Off to Bloomingdale Asylum (1901)

aka L’omnibus des toques blancs et noirs
Article 3171 by Dave Sindelar
Viewing Date: 2-18-2010
Posting Date: 4-20-2010
Directed by Georges Melies
Cast unknown
Country: France
What it is: Bizarre little trick film

Four black men turn white when they are knocked off an omnibus by a mechanical horse. They turn themselves black again, then white again, then black, and merge into one fat black man, which then….

The black men are white men in blackface, so you know that this Melies short wouldn’t fly today. According to one source, they’re being transported to an asylum, but they probably got that from the English title; the French title doesn’t appear to have any words that reflect an asylum at all. It’s surreal, quick, and fun.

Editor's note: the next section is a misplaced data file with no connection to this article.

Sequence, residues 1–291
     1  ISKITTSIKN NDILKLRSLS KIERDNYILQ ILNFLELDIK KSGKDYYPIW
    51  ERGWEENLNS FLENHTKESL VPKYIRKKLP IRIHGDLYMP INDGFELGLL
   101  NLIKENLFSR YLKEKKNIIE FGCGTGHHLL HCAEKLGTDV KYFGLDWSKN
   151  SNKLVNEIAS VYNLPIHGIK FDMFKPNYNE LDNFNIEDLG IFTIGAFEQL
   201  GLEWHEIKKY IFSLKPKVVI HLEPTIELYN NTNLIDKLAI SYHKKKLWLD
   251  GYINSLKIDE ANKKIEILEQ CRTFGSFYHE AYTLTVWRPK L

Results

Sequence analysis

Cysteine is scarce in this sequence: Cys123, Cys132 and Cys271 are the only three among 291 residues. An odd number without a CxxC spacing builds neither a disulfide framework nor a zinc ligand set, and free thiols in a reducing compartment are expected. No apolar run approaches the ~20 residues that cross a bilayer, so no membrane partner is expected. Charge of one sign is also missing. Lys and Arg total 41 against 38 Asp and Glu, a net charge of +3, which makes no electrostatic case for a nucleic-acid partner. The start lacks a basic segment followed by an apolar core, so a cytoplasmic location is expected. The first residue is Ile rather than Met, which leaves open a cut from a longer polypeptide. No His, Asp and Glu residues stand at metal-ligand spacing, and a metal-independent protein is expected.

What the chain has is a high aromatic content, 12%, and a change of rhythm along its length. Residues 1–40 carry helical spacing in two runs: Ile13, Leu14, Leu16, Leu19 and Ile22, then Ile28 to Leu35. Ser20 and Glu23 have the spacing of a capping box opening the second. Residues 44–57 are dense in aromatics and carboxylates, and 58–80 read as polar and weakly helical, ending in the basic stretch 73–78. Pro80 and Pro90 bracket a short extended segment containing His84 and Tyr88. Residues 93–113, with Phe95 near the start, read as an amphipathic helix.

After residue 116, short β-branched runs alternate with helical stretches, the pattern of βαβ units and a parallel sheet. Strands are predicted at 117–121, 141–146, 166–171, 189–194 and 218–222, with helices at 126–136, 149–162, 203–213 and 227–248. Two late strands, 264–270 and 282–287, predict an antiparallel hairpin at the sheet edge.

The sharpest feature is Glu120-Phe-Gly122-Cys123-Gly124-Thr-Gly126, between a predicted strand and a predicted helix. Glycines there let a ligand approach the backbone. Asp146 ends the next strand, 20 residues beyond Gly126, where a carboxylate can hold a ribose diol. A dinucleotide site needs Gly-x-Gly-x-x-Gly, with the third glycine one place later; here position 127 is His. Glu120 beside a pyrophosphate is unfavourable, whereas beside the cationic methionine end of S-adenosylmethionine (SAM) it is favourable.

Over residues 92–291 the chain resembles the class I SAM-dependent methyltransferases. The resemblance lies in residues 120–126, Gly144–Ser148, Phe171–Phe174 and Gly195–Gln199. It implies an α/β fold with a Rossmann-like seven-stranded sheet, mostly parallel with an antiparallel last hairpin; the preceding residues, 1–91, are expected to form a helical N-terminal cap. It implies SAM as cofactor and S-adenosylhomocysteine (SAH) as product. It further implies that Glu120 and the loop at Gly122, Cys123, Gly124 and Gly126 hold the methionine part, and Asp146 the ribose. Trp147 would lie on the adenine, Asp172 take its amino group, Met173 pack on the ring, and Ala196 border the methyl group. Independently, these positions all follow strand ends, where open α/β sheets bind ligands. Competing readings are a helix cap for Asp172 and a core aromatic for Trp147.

CORRECTION: According to doctor kiss at CHFB, the word ‘toques’ above more or less classifies the characters as “madmen”, and the world “Charenton” on the omnibus is a reference to a French asylum. So, I stand corrected.

Old Scrooge (1913)

aka Scrooge
Article 3152 by Dave Sindelar
Viewing Date: 1-29-2010
Posting Date: 4-1-2010
Directed by Leedham Bantock
Featuring Seymour Hicks, William Lugg, Leedham Bantock
Country: UK
What it is: Could it be… another version of “A Christmas Carol?”

Scrooge is a skinflint who hates Christmas. But on Christmas Eve, he is visited by the ghost of his partner, who may make him change his ways…